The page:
Post-traumatic stress plagues families, Compassion responds

By August 27, 2007

Peru (MNN) — Compassion International has joined the multitudes in helping victims
of the earthquake in Peru.

Although Compassion's Country Director in Peru, Christina Zavala, says the situation seems
to be stable in Lima, they are still looking for seven of their sponsored children. They are searching in hospitals as well as stadiums where families have fled.

They are working with nine churches in the area to provide aid. They've given food, 5,900 bottles of water, 1500 blankets, and 2,050 kg of hygiene supplies. Compassion has 1,400 sponsored children in the areas affected by the quake. 

"We will continue providing these as needed in the days to come. This food only lasts for three days. We are also helping not only the 1,400 children; also this means 1,400 families," said Zavala.  

Many of the children and parents are suffering form post-traumatic stress. Compassion began helping in that area this weekend according to their Country Director Christina
Zavala. "A group of psychologists and Sunday school teachers will go in to teach, and it is our first city that we will visit to give relief of post-trauma stress to the children and the church members and give prayers of their faith in the Lord."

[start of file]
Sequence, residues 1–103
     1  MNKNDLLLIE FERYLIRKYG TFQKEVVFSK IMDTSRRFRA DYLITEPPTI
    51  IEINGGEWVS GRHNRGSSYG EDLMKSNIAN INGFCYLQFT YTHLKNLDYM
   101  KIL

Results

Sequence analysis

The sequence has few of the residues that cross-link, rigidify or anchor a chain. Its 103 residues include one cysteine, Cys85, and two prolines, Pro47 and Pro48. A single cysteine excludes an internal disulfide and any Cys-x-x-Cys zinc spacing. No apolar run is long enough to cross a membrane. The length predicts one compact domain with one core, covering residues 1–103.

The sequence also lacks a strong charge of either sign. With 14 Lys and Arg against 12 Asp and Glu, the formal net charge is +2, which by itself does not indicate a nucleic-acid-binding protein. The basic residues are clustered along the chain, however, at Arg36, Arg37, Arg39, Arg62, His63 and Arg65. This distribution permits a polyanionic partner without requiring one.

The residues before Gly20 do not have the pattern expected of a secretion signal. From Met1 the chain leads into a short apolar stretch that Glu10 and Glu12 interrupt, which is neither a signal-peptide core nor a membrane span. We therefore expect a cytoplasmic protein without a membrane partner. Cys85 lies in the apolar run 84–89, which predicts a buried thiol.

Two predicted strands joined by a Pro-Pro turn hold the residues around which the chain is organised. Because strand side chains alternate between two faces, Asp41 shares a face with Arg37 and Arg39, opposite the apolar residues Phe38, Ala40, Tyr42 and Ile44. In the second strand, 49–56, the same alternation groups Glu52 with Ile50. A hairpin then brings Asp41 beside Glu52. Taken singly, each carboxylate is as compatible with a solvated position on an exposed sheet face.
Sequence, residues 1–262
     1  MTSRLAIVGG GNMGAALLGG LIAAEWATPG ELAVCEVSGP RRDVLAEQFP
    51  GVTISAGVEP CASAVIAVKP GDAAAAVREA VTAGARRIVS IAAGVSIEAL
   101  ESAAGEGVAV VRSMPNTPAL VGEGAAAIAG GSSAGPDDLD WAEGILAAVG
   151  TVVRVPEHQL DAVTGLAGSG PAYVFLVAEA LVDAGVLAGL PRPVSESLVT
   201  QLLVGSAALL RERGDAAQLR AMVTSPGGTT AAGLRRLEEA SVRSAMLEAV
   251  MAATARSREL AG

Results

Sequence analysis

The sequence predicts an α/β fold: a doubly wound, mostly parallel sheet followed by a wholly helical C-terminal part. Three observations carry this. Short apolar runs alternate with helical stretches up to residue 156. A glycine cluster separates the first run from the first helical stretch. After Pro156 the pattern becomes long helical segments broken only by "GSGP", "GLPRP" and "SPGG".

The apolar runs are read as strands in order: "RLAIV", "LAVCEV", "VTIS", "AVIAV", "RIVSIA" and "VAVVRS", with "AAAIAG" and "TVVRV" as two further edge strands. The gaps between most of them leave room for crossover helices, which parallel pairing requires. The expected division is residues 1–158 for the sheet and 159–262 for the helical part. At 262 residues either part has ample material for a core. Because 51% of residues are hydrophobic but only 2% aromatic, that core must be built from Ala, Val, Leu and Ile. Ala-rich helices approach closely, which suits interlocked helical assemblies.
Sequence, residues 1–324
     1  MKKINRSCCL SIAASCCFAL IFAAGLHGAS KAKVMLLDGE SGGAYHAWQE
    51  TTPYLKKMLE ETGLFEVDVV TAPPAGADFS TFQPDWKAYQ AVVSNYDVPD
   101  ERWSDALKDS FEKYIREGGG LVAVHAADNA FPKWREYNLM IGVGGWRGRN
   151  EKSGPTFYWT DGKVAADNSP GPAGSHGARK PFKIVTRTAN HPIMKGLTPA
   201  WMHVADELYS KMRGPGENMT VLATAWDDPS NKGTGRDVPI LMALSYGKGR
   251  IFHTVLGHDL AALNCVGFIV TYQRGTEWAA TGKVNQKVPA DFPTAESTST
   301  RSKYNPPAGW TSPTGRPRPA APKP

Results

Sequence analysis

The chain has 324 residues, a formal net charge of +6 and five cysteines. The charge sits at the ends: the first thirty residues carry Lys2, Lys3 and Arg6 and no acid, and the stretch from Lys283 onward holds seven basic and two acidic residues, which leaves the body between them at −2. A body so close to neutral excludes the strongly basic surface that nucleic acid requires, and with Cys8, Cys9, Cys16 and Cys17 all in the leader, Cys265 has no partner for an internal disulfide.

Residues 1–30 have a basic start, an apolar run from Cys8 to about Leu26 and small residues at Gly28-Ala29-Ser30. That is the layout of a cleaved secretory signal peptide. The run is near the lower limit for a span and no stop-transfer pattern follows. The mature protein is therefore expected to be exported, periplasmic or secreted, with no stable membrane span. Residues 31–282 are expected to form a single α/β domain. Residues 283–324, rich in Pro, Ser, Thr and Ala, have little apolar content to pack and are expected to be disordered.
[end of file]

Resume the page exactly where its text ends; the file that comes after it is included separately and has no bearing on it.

Adobe is the most common construction material among Peru's poor population, and homes are constructed in an informal way. As a result, 80 percent of homes in the area collapsed during the earthquake. Many families are left without personal possessions, and only a few have received tents to sleep in. 

The winter weather there is cold and windy, according to Zavala. The wind is carrying dust and sand that "are causing respiratory illness, especially to the children" Zavala
explained.


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